Páll Haukur Björnsson

The Patriarchy in All of Us


I want to begin to tell you where I’m at, where I am situated, where you can find me. I want to describe a place—a space of liminality—un-locatable by any apps or electronics. I am talking about those uncanny crossroads where meaning gets assigned to our journeys, our decisions; the fork in the road where we go to bury our stillborn ideas in hope they will transcend to a significant traveler and take on a life of their own. It is where we find ourselves between the signified and its symbolic yet arbitrary counterpart. It is a place of fluctuating uncertainty.

I also want to tell you how I feel. During my travels I detected that showing the slightest sign of doubt or vulnerability, the faintest sympathy toward the complexity of truth or the emotional position of meaning—how it tends to be located in the acoustics of our fears—is considered a weakness. I consider that an unfortunate impasse in the creative process that results in a rather neurotic experience where the only thing signified is death; only the abject is banished—a stale and miserable paradox. The crossroads, made of indecisive dirt and bodies, located between language and its consequences, tempts you to embrace the complexity of truth in total disregard of righteousness.


‘Nothing can mean anything,’ a tall politician explained. I can’t remember the conditions of his statement, but I like it, out of context. It’s complicated and impermanent. But don’t get me wrong, meaning is important, it’s an important construct of how we experience and understand the world. We might say that, as far as nothing goes, it is everything instead of anything, which makes it all that more urgent for us to understand how it comes to be; how it forms a symbiotic relationship with our emotional experience. That is what I want to talk about, the things that influences how we experience.

Meaning is not a solid and objective kind of everything—like a giant heap of joint particles or a rhizomatic complex of interconnected dots—but an environment, a weather system of deathless (in)difference. Some sort of a metaphor anyway. For a minute though, let’s imagine a stormy island with its vehemence and flurries, the substance hailstorms are made of, some cool breeze et cetera. It’s an environment within where meaning is a manifestation of a force that moves all else around and through our perception. Then, let’s imagine this force to be the perpetual tendency to experience things in one particular way instead of another depending on which kind of a god-like turtle we claim to know the world to be resting on. Actually, come to think about it, don’t imagine anything.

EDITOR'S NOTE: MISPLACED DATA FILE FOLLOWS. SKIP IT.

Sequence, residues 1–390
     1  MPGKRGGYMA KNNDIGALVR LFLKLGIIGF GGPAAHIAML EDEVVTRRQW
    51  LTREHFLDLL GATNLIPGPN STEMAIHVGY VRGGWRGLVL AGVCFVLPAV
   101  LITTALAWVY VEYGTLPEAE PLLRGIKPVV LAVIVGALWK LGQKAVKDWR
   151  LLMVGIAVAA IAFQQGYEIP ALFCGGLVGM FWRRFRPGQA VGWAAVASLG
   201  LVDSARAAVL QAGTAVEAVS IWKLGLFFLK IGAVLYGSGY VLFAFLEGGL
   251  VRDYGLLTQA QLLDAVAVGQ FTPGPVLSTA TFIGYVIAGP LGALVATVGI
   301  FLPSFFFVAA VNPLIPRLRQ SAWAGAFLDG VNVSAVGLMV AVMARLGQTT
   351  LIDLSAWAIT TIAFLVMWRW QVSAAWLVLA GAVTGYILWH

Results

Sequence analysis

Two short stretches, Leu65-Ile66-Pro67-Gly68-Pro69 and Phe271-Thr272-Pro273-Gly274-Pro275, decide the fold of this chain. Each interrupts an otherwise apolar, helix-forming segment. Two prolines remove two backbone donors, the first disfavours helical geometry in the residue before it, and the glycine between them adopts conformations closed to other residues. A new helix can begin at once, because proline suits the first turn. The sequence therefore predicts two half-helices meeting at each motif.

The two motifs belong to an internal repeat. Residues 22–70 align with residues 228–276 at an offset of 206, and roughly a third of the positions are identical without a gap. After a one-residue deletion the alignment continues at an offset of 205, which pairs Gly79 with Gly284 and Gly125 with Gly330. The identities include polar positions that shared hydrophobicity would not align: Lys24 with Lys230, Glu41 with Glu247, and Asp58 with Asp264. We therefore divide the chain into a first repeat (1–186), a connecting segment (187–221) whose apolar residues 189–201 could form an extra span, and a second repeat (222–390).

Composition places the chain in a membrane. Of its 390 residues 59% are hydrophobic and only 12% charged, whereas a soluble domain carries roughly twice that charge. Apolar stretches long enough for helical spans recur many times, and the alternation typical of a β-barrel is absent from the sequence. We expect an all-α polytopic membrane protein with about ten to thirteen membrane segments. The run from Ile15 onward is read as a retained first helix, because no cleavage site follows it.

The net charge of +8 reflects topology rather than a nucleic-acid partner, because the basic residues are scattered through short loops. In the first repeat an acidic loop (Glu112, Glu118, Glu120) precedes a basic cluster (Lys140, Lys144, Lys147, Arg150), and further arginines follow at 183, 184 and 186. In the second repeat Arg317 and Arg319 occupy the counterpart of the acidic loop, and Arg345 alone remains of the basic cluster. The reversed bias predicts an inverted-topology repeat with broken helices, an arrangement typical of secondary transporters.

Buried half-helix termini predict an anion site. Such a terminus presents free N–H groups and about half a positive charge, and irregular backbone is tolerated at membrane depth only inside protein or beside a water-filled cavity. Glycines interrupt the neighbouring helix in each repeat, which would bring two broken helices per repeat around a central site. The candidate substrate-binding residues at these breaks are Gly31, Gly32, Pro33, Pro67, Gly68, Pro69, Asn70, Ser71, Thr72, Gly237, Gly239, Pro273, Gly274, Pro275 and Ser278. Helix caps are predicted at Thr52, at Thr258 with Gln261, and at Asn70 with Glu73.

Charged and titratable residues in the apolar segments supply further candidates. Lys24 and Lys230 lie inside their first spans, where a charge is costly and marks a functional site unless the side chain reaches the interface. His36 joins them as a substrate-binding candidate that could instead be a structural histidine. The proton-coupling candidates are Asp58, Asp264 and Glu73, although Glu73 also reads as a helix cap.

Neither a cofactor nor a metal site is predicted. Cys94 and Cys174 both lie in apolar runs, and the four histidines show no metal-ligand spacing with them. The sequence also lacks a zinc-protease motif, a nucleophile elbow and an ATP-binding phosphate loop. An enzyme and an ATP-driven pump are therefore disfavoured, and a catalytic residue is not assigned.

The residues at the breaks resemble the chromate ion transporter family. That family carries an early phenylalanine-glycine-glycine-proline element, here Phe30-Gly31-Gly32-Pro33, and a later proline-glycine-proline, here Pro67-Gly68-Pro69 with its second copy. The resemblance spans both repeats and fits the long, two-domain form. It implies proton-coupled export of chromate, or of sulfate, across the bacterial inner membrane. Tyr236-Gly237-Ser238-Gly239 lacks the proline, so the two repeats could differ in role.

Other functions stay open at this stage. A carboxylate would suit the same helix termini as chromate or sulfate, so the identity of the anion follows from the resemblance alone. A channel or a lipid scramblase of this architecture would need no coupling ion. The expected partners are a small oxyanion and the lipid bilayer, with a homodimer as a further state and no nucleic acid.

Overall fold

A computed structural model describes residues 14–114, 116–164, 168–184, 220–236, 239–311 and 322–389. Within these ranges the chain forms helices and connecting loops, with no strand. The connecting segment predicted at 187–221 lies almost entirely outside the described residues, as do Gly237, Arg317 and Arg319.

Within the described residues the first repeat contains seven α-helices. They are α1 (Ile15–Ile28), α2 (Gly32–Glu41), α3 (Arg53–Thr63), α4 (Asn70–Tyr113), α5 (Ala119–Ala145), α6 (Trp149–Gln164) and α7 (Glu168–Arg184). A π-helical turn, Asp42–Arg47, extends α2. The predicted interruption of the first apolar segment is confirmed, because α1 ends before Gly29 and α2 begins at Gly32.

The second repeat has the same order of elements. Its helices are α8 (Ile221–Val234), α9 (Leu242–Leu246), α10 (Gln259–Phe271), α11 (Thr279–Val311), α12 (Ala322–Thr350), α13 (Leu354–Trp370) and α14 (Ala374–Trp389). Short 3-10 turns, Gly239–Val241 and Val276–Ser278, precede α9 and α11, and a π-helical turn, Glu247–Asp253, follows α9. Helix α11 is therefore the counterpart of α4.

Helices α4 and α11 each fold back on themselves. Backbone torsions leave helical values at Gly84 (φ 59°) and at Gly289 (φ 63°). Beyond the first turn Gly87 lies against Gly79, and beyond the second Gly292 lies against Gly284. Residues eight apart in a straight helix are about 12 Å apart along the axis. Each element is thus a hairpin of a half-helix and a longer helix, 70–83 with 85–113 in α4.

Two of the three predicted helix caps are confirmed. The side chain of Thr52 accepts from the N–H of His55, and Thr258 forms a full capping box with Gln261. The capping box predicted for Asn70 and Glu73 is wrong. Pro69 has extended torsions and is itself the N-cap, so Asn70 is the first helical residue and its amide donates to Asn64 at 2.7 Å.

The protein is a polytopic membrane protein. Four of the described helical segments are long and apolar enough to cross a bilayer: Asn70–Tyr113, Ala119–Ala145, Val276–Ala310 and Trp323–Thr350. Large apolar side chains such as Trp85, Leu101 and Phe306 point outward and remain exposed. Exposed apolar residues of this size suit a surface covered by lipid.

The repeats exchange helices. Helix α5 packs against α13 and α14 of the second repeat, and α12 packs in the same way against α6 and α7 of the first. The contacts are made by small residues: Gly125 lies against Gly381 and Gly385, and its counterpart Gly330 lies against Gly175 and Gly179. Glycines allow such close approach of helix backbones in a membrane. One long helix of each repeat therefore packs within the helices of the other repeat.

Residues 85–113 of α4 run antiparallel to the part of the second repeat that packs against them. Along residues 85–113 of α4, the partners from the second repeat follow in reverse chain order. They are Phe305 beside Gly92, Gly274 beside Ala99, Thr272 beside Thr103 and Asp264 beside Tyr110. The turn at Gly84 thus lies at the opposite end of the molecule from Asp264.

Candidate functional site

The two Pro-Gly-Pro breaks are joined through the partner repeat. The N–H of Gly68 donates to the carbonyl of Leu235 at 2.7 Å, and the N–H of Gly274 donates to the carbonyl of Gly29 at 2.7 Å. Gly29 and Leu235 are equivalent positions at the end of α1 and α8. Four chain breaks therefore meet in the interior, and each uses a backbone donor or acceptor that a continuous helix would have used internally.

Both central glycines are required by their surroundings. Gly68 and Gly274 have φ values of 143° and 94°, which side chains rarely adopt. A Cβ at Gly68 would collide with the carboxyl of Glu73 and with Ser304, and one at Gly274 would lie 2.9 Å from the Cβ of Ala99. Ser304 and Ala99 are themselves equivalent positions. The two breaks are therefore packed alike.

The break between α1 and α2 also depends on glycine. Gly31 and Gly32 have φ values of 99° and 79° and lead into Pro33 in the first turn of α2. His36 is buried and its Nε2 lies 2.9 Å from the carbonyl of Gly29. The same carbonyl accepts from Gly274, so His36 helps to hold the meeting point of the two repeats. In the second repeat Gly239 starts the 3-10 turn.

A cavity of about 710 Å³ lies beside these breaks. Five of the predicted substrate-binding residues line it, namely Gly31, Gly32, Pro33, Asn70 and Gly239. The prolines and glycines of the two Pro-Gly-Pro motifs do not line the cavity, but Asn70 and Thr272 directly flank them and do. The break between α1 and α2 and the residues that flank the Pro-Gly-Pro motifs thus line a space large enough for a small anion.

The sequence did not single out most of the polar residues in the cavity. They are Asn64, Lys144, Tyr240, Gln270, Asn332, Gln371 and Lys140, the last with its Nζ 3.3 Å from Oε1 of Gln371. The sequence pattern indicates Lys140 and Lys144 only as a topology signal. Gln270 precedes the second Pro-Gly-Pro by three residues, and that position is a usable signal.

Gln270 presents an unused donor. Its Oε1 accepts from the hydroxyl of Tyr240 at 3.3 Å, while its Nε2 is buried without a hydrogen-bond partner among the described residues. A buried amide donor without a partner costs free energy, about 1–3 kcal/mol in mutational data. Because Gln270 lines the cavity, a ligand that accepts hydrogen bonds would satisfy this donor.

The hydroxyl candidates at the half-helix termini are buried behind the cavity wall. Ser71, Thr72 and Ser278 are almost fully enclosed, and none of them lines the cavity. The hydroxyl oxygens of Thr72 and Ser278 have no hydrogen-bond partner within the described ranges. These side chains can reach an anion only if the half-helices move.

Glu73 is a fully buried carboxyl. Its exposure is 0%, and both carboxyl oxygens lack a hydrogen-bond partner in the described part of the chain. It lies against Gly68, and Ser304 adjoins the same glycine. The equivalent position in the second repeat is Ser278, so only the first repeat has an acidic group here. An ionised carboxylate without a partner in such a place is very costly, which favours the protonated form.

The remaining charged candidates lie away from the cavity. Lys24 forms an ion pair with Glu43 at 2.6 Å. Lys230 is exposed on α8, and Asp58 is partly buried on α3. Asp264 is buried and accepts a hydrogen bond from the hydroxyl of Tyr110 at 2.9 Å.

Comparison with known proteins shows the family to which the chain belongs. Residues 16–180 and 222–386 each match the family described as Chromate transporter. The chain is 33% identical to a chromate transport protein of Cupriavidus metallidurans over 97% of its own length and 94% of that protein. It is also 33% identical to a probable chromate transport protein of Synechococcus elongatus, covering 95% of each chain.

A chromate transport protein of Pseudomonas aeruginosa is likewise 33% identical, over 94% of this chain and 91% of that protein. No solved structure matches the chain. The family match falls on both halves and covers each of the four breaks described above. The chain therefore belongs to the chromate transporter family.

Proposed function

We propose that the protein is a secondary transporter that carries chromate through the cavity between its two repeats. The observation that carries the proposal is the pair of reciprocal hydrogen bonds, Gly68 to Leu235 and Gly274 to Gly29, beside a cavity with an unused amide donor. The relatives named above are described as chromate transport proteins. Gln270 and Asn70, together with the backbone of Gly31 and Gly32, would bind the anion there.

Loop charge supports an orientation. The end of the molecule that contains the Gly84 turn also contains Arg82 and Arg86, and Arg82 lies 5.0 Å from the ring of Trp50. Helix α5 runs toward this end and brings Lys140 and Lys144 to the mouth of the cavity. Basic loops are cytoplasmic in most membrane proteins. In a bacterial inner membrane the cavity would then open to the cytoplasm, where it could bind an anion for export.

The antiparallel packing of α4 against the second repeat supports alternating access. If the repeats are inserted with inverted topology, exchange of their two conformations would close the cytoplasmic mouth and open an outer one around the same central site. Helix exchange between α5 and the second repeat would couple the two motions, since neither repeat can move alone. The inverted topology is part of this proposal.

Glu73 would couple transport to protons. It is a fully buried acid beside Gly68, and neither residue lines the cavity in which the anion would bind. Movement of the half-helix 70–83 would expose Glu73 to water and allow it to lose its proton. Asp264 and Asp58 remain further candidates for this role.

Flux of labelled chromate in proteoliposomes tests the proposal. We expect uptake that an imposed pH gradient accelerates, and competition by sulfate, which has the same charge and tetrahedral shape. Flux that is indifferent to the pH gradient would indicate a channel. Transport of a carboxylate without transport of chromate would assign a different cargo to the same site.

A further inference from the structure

Meaning is not really a tangible thing in the world, the mechanisms of meaning production very much are. The god-like turtle nestling in your brain and chewing on your nerves is very real, very taxing. It is on the production levels of meaning, in the guts of the god turtle, that criticality should make its inquiry instead of banging its head against the ideological architecture of the institution. In this text, I want to propose that the underlying understanding of both a radical difference and a patriarchal rule can, and often is, generated by the same system of general understanding: a system of representation.

A question I want to ask is: how is our experience constituted through a system of representation? It seems to come to us as the meaningful construct of language and symbols, sometimes as art objects or other emotions. This is not to be understood as saying that symbols or things actually hold any meaning. Rather, they are components that operate within a mechanism diligently punching meaningful holes into to the topological fabric of our experience. To lend them meaning, we have to filter them through whatever lenses we have in place to constitute our experience; the language of the god-like turtle, streaming meaning from the divine, needs knowledgeable translation.